Preventing the progression from prediabetes to type 2 diabetes is crucial for maintaining overall health and preventing the development of related health problems. The most effective approach to preventing the progression of prediabetes is lifestyle modification, including a balanced diet, regular physical activity, and weight management. The American Diabetes Association recommends that people with prediabetes aim to lose 7% of their body weight and engage in physical activity for at least 150 minutes per week.

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Frequently asked questions

  1. What Causes Prediabetes? The root cause of prediabetes and ultimately type 2 diabetes is insulin resistance.
  2. How to Detect Prediabetes? You can take a prediabetes self-assessment test to determine if you might have prediabetes.
  3. What are the Signs of Prediabetes? Some people may experience sugar spikes and crashes after consuming starchy meals, have weight gain in the central or upper body, or display symptoms of insulin resistance such as acanthosis nigricans. However, others may not have any noticeable symptoms other than a slight increase in blood sugar levels above 100, which falls within the diabetic range.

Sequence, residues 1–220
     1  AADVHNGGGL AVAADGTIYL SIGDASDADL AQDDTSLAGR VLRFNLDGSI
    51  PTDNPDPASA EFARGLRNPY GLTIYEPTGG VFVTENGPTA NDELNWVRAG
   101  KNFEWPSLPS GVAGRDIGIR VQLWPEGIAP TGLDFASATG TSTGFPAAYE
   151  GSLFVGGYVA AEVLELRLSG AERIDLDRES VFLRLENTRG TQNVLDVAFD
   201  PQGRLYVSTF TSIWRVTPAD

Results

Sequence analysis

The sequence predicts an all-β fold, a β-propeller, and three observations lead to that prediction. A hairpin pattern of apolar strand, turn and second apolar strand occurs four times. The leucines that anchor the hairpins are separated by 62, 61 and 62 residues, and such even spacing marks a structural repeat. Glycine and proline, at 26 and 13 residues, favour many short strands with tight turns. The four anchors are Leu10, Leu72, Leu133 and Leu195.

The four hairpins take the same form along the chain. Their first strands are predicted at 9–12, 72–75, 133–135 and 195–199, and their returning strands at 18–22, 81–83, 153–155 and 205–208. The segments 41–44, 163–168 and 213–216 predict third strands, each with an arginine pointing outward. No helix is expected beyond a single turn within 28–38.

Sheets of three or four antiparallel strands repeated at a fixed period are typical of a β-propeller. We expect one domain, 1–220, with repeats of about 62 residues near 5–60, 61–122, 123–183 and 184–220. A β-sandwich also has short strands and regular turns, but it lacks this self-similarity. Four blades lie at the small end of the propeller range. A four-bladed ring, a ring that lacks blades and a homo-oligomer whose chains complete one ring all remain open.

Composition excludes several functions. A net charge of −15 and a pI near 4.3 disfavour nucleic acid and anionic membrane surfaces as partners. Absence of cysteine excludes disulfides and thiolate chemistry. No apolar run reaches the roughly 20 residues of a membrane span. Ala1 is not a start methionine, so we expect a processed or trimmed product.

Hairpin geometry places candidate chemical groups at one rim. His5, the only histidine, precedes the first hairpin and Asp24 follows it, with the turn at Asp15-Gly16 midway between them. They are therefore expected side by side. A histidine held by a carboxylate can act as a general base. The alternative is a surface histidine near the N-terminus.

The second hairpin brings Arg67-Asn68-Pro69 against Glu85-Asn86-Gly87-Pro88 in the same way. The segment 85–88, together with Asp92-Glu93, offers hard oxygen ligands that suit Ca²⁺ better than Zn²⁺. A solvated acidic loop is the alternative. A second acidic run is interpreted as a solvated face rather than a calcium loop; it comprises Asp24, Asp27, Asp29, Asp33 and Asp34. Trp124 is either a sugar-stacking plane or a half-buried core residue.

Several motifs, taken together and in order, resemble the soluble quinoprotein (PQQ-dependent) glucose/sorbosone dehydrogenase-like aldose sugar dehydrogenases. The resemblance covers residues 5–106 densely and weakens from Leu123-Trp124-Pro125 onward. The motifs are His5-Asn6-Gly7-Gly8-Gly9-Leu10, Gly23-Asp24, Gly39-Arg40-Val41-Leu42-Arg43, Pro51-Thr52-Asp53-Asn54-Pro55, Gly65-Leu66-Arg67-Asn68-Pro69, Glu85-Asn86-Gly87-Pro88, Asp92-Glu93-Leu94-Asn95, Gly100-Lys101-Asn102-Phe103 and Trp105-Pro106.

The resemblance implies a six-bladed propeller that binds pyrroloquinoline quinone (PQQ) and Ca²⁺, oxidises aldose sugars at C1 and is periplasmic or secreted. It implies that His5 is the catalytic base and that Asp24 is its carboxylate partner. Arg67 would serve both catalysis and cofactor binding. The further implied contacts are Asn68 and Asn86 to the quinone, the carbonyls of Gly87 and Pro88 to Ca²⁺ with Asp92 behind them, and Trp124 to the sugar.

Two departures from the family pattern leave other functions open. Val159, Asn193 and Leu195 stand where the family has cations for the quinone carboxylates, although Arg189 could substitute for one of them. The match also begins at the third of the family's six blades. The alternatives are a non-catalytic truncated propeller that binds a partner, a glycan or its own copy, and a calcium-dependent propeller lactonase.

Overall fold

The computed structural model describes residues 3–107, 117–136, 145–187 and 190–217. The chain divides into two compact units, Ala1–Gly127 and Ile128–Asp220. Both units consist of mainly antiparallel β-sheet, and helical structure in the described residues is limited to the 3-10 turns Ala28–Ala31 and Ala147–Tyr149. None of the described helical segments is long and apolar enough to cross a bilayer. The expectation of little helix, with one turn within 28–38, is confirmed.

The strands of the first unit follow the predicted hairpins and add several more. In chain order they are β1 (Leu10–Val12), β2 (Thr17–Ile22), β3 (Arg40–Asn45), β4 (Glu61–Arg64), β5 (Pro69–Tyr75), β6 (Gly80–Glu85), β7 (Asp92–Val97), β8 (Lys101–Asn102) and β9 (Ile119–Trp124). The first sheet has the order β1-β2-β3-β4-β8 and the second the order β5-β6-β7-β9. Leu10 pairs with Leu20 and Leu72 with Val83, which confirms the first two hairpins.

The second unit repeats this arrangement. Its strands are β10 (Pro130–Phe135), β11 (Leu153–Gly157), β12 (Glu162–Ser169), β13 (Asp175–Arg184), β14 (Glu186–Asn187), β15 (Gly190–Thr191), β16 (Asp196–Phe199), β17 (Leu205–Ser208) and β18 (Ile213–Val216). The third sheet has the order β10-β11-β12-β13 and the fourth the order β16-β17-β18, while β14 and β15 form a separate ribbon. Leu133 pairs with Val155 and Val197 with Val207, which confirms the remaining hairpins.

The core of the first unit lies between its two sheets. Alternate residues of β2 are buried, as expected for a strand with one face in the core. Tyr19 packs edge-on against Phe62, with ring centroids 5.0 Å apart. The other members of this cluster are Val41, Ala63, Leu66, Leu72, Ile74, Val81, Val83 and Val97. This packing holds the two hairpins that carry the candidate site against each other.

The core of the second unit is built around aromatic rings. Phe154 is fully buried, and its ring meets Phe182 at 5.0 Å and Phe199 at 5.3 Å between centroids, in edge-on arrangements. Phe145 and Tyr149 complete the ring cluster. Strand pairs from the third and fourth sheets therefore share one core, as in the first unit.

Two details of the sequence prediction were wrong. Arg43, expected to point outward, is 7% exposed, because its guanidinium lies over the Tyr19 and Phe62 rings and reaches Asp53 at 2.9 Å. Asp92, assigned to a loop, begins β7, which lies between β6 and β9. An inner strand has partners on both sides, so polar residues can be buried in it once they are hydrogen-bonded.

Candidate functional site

4. What is the Blood Sugar Level for Prediabetes? A normal fasting blood sugar level is 126 mg/dl. A fasting blood sugar level between 100-125 mg/dl is considered to be in the prediabetic range.
  5. Can Prediabetes be Reversed with Diet? Yes, prediabetes and even early-stage type 2 diabetes can be reversed through a proper diet and exercise program under the guidance of an obesity medicine physician.
  6. Is it Possible to Have Prediabetes without Knowing it? Yes, up to 90% of people with prediabetes are often unaware that they have it.
  7. How Prevalent is Prediabetes? Prediabetes is very common and affects anywhere from a quarter to a third of the adult population in the United States. A report by the Centers for Disease Control and Prevention (CDC) found that over 100 million adults in the US are living with either prediabetes or diabetes. In 2015, 9.4% of the US population had diabetes (30.3 million people) and another 84.1 million had prediabetes.